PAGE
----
Sundown, the day nearly eaten away, the Boxcar Willies peep. Their inside-eyes push black and plump against walls of pumpkin skin. I step into dying backyard light. Both hands steal into the swollen summer air, a blind reach into a blaze of acid, ghost bloom of nacre & breast. One Atlantan Cherokee Purple, two piddling Radiator Charlies are Lena-Horne lured into the fingers of my right hand. But I really do love you, enters my ear like a nest of yellow jackets, well wedged beneath a two-by-four. But I really didn't think I would (ever leave), stings before the ladder hits the ground. I swat the familiar buzz away. My good arm arcs and aims. My elbow cranks a high, hard cradle and draws a fire. The end of the day's sweaty air stirs fast in a bowl, the coming shadows, the very diamond match I need. One by one, each Blind Willie takes his turn Pollocking the back fence, heart pine explodes gold-leafed in red and brown-eyed ochre. There is practice for everything in this life. This is how you throw something perfectly good away.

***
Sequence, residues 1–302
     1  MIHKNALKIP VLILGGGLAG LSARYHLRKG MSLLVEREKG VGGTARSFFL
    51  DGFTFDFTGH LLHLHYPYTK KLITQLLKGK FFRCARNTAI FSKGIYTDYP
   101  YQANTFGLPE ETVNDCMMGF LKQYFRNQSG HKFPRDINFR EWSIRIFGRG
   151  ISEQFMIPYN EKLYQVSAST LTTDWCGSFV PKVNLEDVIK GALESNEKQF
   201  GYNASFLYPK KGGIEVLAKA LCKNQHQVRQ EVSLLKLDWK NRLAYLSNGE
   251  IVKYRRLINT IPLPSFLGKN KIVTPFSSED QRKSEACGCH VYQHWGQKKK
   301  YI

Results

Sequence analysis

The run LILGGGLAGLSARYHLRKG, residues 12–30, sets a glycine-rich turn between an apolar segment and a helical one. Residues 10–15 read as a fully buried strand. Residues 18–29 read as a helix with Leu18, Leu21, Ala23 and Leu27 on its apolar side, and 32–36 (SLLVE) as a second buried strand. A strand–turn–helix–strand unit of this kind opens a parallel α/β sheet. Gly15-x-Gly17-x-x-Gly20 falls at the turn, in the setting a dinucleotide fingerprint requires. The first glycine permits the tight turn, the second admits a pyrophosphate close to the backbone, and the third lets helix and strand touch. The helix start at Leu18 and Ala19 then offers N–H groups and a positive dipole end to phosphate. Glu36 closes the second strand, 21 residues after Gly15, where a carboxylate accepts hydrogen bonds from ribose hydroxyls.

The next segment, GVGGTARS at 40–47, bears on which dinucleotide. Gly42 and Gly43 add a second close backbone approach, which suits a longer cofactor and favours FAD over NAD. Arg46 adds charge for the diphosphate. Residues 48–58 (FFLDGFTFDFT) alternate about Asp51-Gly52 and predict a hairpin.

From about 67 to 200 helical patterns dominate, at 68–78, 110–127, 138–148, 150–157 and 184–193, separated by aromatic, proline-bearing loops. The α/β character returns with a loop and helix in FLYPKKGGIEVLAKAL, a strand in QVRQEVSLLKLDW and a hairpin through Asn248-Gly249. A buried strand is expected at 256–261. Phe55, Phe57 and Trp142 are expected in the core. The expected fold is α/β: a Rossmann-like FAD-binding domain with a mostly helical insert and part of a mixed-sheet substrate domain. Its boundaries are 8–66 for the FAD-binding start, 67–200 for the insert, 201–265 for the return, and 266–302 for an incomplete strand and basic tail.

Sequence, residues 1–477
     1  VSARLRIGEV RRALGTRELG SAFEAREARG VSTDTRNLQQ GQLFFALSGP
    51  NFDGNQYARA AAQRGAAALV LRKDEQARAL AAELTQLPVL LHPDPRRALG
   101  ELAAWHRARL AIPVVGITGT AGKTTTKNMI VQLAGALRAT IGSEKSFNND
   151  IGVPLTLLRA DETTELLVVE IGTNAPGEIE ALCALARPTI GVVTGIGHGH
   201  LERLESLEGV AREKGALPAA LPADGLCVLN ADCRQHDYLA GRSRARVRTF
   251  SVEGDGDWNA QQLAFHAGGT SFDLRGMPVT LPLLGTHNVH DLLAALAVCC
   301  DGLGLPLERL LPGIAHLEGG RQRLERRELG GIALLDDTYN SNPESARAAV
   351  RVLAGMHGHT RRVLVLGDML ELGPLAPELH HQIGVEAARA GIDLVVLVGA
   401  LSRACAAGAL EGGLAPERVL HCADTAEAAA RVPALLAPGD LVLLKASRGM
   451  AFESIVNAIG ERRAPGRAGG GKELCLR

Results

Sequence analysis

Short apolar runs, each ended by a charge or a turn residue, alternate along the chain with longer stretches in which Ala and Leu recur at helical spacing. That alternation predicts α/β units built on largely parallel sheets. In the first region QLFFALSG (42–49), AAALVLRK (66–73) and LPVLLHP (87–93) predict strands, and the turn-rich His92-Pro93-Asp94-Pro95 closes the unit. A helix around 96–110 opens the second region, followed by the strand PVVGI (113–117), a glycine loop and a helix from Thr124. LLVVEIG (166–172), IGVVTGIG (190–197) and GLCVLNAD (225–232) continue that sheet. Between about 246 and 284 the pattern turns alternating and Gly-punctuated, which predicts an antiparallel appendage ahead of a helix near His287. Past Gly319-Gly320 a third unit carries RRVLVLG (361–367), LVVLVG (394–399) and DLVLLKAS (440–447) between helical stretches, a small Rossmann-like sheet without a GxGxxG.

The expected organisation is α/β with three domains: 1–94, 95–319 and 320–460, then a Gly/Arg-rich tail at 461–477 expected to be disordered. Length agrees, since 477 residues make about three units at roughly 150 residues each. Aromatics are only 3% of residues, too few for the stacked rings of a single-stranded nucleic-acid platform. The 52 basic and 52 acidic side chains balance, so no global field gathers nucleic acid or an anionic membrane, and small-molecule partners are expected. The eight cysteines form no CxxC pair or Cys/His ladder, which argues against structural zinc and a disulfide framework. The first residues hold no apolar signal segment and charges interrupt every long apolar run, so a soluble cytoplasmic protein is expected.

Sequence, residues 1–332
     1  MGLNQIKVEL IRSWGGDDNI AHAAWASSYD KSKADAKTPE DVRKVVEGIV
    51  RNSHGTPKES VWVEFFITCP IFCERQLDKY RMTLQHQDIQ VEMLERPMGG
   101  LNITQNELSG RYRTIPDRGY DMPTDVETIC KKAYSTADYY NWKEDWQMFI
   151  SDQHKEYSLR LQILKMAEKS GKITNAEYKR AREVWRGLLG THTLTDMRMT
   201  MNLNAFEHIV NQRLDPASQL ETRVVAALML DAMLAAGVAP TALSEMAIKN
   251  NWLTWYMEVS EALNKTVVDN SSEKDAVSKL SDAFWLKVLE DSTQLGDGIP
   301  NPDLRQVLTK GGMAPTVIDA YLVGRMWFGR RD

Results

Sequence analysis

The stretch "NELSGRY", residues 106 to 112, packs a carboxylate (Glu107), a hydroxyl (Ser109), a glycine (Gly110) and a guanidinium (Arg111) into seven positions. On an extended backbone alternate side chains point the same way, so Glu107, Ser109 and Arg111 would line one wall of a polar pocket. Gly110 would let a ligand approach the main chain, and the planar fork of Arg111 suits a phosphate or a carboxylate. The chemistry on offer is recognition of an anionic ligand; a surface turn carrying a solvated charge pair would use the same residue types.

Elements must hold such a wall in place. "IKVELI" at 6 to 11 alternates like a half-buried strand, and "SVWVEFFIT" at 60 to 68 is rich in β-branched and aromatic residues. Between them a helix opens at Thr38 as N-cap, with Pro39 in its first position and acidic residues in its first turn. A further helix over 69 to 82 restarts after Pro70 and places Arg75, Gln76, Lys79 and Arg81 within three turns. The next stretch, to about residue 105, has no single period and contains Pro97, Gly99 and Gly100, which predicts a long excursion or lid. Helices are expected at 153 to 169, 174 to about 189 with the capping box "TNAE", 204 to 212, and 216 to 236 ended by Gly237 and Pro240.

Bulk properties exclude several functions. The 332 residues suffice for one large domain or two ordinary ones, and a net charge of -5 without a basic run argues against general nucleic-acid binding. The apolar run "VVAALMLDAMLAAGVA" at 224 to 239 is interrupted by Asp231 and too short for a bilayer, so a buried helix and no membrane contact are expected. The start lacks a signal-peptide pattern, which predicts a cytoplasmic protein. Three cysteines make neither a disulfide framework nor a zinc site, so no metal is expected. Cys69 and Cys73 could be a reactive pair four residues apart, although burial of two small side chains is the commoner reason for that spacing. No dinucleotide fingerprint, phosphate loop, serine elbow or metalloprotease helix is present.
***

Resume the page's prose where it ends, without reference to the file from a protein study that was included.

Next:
From Head Off & Split by Nikky Finney. Copyright © 2011 by Nikky Finney. Reprinted with permission from TriQuarterly Books/Northwestern. All rights reserved.
In addition to the National Book Award, Finney has received a PEN American Open Book Award and the Benjamin Franklin Award for Poetry
Date Published: 2011-01-01
Source URL: https://poets.org/poem/heirloom